I worked for the Stewart Milne Group for over 28 years, doing several jobs during that time.
First, I was a maintenance foreman, working on projects including schools, office blocks and public buildings contracts across Aberdeen. More recently, working in customer care on new built homes, the job took me to areas stretching from Elgin in Moray to Auchterarder in Perthshire.
We all knew that the business was up for sale. But not for one second did I or any of my colleagues see the speedy and horrible collapse of the firm coming, especially when many of us had worked for the company for so long.
On January 8, a colleague and I headed to Dundee as part of normal return-to-work duties after the new year. We were visiting a home in Ballumbie. During the day, we started to hear rumours that Stewart Milne Homes in England was possibly going into receivership. This was at around 2pm, but we had still heard nothing coming from our office.
After finishing up at 4:15pm, I headed to get some fuel so I could make my way home. It was only then that I realised something was seriously wrong with the company in Scotland.
My company fuel card was declined at the petrol station. Alarm bells were ringing. I contacted our office to report this and got no reply. I eventually received a message to say someone would be in touch.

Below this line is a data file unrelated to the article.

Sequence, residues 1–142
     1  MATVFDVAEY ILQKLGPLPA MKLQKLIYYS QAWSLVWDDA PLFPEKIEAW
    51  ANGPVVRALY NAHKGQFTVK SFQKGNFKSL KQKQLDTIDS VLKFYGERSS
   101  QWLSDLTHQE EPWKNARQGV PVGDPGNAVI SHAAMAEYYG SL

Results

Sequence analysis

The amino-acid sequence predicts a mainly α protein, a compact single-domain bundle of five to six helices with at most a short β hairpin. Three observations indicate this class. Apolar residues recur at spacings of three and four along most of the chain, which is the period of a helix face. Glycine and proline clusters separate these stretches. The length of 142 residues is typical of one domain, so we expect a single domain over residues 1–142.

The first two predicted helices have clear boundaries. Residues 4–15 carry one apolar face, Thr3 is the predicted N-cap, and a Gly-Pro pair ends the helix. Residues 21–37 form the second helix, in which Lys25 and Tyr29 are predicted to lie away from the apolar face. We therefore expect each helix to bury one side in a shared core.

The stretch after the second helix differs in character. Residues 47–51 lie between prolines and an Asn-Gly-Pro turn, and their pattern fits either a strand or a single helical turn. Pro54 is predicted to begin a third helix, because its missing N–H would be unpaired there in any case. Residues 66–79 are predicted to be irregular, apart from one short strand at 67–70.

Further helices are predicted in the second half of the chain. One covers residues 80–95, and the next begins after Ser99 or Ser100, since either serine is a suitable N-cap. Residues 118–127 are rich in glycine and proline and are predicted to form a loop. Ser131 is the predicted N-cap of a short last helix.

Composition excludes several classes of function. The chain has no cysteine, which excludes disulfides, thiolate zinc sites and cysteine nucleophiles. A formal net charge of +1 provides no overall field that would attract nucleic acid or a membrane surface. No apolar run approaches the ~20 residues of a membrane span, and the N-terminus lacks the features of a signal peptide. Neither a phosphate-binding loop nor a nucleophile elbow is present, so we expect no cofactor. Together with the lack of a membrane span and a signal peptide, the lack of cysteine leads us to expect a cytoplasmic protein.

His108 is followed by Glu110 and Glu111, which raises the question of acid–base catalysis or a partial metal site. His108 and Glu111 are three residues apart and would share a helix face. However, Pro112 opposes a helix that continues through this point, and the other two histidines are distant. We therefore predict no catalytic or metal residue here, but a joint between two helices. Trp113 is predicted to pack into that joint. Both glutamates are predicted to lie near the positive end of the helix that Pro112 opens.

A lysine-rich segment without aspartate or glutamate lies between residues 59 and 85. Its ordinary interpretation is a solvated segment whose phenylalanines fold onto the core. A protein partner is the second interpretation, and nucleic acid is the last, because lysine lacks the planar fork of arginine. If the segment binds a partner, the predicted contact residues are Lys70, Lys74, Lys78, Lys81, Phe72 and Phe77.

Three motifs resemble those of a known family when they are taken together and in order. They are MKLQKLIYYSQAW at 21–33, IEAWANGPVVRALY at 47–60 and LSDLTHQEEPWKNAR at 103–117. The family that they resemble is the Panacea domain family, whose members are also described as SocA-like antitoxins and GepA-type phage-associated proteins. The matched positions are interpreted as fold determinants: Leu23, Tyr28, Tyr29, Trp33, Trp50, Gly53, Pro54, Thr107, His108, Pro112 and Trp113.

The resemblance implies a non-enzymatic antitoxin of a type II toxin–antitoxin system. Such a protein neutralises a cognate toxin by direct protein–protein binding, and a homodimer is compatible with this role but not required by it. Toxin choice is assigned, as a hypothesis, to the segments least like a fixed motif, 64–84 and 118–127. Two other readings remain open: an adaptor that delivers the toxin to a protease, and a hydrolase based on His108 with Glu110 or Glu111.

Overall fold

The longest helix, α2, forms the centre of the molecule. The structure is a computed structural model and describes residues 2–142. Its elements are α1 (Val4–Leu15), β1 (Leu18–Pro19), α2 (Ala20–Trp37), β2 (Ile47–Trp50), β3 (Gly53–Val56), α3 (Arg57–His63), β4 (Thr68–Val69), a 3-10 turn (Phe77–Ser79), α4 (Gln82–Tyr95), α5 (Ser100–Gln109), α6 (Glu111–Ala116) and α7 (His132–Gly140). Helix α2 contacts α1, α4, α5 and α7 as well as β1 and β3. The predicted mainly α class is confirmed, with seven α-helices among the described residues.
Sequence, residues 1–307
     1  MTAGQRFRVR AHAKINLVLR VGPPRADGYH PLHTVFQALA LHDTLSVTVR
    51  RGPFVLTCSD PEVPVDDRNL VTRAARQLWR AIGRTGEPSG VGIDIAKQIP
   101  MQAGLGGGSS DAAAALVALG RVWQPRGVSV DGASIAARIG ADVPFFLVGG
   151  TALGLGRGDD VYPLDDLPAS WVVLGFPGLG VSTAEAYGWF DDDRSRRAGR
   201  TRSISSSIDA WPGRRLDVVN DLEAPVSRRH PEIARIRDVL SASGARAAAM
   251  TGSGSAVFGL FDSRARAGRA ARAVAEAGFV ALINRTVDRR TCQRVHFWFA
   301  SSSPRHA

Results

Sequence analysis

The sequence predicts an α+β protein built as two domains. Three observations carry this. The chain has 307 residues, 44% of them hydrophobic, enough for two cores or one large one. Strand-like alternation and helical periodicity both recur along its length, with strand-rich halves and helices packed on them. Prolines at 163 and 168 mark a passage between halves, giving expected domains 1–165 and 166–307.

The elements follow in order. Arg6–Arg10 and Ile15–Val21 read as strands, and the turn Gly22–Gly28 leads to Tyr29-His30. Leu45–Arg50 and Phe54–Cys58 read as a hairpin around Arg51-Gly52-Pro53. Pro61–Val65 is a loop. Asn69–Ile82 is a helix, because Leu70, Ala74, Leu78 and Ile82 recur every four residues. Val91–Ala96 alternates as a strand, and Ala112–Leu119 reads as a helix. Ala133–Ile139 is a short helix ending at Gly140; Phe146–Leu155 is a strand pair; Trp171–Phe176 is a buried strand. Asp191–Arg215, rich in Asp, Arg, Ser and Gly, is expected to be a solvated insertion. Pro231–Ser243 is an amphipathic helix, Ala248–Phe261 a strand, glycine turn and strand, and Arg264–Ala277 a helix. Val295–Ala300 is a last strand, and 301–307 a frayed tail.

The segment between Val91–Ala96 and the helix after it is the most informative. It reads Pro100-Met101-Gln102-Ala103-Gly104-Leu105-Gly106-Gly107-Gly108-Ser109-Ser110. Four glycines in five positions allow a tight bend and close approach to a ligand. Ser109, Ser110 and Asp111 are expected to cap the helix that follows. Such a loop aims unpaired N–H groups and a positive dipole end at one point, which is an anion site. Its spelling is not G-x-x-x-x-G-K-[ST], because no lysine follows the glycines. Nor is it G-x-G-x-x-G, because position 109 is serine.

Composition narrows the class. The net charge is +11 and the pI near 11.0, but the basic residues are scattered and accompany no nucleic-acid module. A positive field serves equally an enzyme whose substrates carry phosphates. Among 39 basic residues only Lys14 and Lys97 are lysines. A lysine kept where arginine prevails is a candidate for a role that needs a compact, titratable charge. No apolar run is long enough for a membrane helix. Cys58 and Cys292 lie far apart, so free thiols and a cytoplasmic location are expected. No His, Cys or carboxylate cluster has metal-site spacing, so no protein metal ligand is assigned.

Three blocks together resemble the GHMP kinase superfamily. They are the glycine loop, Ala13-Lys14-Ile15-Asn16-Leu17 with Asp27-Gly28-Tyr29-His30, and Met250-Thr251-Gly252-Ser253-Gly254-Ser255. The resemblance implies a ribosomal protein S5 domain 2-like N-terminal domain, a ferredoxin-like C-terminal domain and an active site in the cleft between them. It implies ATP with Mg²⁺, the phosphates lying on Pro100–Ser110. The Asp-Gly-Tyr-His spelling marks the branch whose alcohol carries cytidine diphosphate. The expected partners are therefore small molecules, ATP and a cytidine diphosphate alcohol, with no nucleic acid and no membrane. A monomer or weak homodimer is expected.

Six words turned my life upside down
I got home just before 6pm. Minutes later, I received a phone call from a company director asking if I was “still stuck in the petrol station in Dundee?” I said no, and that I had filled in a form for my fuel, leaving company details.
Now was my chance to ask the director what was happening, as I had still received no word from the company regarding the rumours circulating that the business was in deep trouble. I was informed that there had just been a notice posted on the internal group announcements. I responded that, as far as I was aware, nobody from the maintenance department was able to access this.
Then six words came my way which have turned my life upside down: “You are all redundant from tonight.” I was absolutely devastated by news, and I still am.
Friends and work colleagues then told me that it had in fact been announced on the six o’clock news. The media knew before I did that the company had been placed into administration and that I had lost my job. It is an absolutely shocking way to treat people.
Now, many of us are having to scramble for money and access life savings to make ends meet. To date, I have received next to no help, other than from the trade union, Unite, which has helped me to lodge a protective award claim against the Stewart Milne Group for failing to consult the workforce in a redundancy situation.
I am extremely grateful to Unite for the help I have received, especially when no other organisation has reached out to help the workforce get some justice.
Directors at the Stewart Milne Group should hang their heads in shame
Any financial compensation that I eventually receive, however, will be a small crumb of comfort. I don’t know what my future now holds, or whether I will be able to keep on staying where I live if a new job doesn’t come quickly.
These are the human consequences hundreds of workers are now facing. The directors at the Stewart Milne Group should hang their heads in shame for the personal tragedies they have unleashed without any want or care.
Richard Finlay is a former foreman for Stewart Milne Construction